Sir Tim Berners-Lee; ” I was recently asked to talk about the idea of “open”, and I realized the term is used in at least eight different ways. The distinct interpretations are all important in different but interlocking ways. Getting them confused leads to a lot of misunderstanding, so it’s good to review them all.
When we tease apart their meanings, we can understand more clearly which aspects of each are the most important. The first, one of the most important forms of openness for the Web, is its universality.
Universality – When I designed the Web protocols, I had already seen many networked information systems fail because they made some assumptions about the users – that they were using a particular type of computer for instance – or constrained the way they worked, such as forcing them to organize their data in a particular way, or to use a particular data format. The Web had to avoid these issues. The goal was that anyone should be able to publish anything on the Web and so it had to be universal in that it was independent of all these technical constraints, as well as language, character sets, and culture….
The actual design of the Web involved the creation of open standards – and getting people to agree to use them globally. The World Wide Web Consortium (W3C), of which I am the Director, helps create interoperable standards for Web technology, including HTML5, mobile Web, graphics, the Semantic Web of linked data, and Web accessibility. Any company can join and anyone can review and help create the specifications for the Web….
Open Web Platform (OWP)
Open Government through Open Data
In 2009, I resolved to encourage more use of data on the Web. Too many websites could generate nice reports as documents, but had no way to access the data behind it to check and build on the results. In February that year I stood up in front of a TED audience and asked them for their data; I even got them to chant: “raw data now”. In April that year, I met with Gordon Brown, then Prime Minister of the UK and with him began the UK Government’s ground-breaking work on Open Data. That same year President Barack Obama announced his commitment to the US Open Government Initiative. In 2010 I went back to TED and showed the audience some of what had been achieved, including Open Street Map’s role in relief efforts in Haiti….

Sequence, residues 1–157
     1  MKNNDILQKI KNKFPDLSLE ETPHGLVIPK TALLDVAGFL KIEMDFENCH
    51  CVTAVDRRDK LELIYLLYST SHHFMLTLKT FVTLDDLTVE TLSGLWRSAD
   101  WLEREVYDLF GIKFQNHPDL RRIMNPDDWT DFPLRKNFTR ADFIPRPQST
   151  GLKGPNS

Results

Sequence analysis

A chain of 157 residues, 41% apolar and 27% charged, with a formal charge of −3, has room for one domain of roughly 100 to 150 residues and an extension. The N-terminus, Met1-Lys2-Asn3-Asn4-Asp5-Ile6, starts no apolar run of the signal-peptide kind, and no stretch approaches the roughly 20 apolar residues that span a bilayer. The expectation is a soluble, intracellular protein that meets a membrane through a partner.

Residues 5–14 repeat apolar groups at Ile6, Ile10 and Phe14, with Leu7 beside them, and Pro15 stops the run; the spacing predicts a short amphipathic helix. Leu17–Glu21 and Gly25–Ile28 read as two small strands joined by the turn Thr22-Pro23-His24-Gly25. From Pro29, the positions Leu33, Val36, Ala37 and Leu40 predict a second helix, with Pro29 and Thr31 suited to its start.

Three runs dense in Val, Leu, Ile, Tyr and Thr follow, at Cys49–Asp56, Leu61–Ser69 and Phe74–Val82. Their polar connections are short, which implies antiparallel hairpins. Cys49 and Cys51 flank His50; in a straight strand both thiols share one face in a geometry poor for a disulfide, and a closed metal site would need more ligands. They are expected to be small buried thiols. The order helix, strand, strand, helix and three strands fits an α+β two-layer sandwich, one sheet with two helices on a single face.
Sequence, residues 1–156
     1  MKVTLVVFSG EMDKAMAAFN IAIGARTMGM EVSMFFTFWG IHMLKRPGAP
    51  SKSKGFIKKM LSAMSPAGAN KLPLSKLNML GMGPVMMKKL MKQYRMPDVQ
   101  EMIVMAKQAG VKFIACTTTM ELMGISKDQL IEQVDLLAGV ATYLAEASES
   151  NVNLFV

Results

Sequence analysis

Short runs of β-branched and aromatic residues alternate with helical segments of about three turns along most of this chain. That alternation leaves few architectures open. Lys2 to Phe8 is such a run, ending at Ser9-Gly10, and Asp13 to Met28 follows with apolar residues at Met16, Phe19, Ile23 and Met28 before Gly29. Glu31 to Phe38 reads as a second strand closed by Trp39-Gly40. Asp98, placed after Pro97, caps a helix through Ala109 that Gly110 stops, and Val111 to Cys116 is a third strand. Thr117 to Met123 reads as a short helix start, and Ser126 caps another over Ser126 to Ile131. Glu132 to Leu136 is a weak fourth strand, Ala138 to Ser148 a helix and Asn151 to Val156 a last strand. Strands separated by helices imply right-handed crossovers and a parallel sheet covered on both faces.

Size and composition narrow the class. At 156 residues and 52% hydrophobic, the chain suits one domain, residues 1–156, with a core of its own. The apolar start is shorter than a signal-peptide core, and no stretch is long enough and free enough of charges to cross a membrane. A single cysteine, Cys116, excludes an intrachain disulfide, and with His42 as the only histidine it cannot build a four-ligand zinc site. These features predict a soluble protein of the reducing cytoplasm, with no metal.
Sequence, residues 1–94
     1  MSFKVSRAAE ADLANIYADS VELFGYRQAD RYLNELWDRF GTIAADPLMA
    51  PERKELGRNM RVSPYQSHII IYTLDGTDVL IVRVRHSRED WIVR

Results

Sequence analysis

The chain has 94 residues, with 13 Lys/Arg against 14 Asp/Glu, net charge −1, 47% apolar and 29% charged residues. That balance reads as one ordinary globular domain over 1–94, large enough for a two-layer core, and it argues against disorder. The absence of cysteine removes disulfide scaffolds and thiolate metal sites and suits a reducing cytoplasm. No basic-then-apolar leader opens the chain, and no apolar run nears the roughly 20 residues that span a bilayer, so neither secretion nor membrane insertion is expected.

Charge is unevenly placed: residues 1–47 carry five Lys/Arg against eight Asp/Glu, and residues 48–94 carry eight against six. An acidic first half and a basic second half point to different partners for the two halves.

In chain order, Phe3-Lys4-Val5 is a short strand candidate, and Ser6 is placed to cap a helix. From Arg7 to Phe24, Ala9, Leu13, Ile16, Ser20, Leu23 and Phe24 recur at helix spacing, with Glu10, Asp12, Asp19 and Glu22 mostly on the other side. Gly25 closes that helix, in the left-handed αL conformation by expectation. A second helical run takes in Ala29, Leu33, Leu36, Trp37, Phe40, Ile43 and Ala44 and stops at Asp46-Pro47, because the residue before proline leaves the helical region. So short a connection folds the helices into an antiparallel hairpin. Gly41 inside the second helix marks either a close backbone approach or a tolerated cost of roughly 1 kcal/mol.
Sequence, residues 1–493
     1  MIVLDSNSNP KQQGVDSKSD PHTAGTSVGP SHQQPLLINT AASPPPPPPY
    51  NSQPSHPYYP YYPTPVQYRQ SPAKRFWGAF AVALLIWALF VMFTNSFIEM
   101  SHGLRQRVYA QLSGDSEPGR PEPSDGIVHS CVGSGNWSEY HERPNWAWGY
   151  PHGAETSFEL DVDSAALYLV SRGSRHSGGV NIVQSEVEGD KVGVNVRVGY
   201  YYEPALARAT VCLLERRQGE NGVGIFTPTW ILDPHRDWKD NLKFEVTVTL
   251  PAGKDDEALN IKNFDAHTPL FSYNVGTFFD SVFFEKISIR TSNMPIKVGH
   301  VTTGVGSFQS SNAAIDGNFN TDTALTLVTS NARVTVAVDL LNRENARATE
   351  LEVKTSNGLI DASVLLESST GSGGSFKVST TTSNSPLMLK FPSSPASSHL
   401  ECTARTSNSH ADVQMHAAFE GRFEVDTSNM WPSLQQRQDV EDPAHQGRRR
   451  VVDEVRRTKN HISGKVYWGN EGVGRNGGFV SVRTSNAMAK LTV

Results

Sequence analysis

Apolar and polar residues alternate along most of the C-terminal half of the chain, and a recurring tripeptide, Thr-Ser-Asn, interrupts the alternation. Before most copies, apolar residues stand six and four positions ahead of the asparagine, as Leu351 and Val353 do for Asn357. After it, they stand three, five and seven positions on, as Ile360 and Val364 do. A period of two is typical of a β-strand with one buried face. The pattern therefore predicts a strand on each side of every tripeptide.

While it’s not really a feature of the Web, a concern for a lot of people is whether they can choose which apps run on their own phone or computer. An Open Platform means having the right to install and write software on your computer or device. One motivation to close off a computing platform comes from a manufacturer wanting to allow you to experience their content on your machine without being able to store it or pass it on. Some systems are very closed, in that the user can only watch a movie or play a game, with no chance to copy anything or back it up. Some systems are very open, allowing users to take copies of files and run any application they like. Many systems fall in between, letting users pay for additional material or an experience…
“Open Source” is another way “open” is used on the web, one which has been and is very important to the Web’s growth. It’s important to me that I can get at the source code of any software I’m using. If I can get at the source code, can I modify it? Can I distribute the modified code and run it on my machine? As Free Software Foundation lead Richard Stallman puts it, “free as in freedom rather than free as in beer”.
Open Access is a Web-based movement specifically about free (as in beer) access to the body of academic learning. Governments, and therefore taxpayers, pay for research via grants but often the results of the research are kept in closed-access academic journals. The results are only available to those at big universities. The poor and those in remote rural areas cannot participate…
Open Internet and Net Neutrality
When we talk about keeping the internet free and open, we are often worried about blocking and spying. One of the ways in which we protect the Web is by ensuring Net Neutrality. Net Neutrality is about non-discrimination. Its principle is that if I pay to connect to the Net with a certain quality of service, and you pay to connect with that or a greater quality of service, then we can both communicate at the same level. This is important because it allows an open, fair market. It’s essential to an open, fair democracy. The alternative is a Web in which governments or large companies, or frequently a close association of the two, try to control the internet, with packets of information delivered in a way that discriminates for commercial or political reasons. Regimes of every sort spy on their citizens, deriving hugely accurate and detailed profiles of them and their intimate lives. Today, the battle is building. The rights of individual people on the Web are being attacked, and at the moment only a few people really understand and realize what is going on.”